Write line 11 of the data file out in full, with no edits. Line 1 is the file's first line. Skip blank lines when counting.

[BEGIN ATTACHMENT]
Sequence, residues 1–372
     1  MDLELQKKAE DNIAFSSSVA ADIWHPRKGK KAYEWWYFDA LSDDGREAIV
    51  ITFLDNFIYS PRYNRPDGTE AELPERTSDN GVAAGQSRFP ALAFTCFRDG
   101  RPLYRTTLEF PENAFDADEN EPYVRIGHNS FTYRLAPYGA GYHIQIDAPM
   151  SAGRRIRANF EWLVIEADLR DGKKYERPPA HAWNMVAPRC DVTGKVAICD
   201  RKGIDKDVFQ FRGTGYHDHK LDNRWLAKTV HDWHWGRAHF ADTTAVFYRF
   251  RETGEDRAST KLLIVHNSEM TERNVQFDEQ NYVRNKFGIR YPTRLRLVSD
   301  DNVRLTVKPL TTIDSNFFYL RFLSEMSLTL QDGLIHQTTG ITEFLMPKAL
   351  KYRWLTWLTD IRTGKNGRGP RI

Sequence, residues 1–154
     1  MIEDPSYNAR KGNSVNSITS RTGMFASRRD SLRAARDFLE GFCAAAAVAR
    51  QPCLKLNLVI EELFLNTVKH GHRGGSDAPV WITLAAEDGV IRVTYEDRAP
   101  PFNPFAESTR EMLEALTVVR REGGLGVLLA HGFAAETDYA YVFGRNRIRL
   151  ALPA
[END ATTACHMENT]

     1  MIEDPSYNAR KGNSVNSITS RTGMFASRRD SLRAARDFLE GFCAAAAVAR